The members of Association of Hospitals (AOH), one of the oldest associations in the healthcare space of Mumbai, spent about Rs 80 crores in providing treatment to poor patients in 2016 by setting aside at least two per cent of their annual turnover.
The initiative, started by the public charitable trust hospitals associated with AOH, is supported by an ‘Indigent Patient Fund’ as they are not receiving any grants or any exemption from government for the purpose.
“Our member hospitals have also provided treatment during major hazardous situations like bomb blasts, swine flu and other epidemics without any expectation of fees. All the charitable hospitals earlier used to get exemption from payment of property tax and Octroi to BMC as well as concession in the payment of electricity bills. These exemption and concession are not available for the many years now, but the member hospitals still and will continue to provide free and concessional treatment to poor patients,” said Dr PM Bhujang, President, Association of Hospitals.
“Medical expenses are experiencing a steep rise in today’s age. It is very difficult for a common man to face expenses incurred due to uncalled medical emergencies. AOH members are giving and will continue to give the best medical treatments to the society to improve the overall healthcare standard of India,” he added.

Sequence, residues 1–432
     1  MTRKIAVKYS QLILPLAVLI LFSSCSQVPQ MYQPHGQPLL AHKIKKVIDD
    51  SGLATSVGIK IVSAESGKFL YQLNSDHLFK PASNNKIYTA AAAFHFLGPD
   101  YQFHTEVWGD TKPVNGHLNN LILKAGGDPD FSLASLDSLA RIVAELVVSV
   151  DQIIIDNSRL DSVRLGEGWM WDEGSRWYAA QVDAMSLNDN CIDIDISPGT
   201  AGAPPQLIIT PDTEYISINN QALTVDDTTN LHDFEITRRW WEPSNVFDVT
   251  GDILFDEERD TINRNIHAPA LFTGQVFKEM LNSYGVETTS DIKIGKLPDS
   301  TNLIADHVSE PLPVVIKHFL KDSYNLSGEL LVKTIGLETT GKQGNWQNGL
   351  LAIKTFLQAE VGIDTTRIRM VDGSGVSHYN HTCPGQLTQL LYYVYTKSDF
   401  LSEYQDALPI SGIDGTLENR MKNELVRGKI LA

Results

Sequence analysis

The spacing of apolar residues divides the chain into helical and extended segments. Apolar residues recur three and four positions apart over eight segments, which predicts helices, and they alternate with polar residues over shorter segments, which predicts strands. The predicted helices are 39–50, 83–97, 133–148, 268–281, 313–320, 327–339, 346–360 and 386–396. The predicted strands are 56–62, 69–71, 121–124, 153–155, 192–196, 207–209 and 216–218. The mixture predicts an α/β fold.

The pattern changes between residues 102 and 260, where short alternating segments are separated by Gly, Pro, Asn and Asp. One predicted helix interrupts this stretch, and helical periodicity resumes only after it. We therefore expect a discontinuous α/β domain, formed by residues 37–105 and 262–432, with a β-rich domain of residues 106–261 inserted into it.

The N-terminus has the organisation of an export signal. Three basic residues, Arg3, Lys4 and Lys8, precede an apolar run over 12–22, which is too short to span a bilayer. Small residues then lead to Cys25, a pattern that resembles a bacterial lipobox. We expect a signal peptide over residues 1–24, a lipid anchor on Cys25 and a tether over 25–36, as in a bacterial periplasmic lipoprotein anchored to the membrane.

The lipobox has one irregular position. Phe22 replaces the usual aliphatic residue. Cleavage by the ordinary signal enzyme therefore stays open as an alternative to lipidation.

Out of about more than 8,500 operational beds in the hospitals associated with AOH in Maharashtra, 20% are earmarked for the poor. Of these 20%, 10% beds are for patients availing treatment free of cost, 10% for patients availing treatment at a concessional rate.
The patient whose earning per year is up to Rs 50,000 are given free treatment and those whose earning is between Rs 50,000 and Rs 100,000 per year are given treatment at concessional rate.
Diagnostic facilities like laboratory tests and use of other equipment ranging for x-ray to all sophisticated equipment for CT scan and MRI are used for both paying patients as well as those availing charitable treatment.
The same doctors and surgeons, who treat the paying patients, also treat the poor patients. Thus, there is no discrimination between paying and poor patients in terms of doctors, medical facilities and equipment, according to AOH.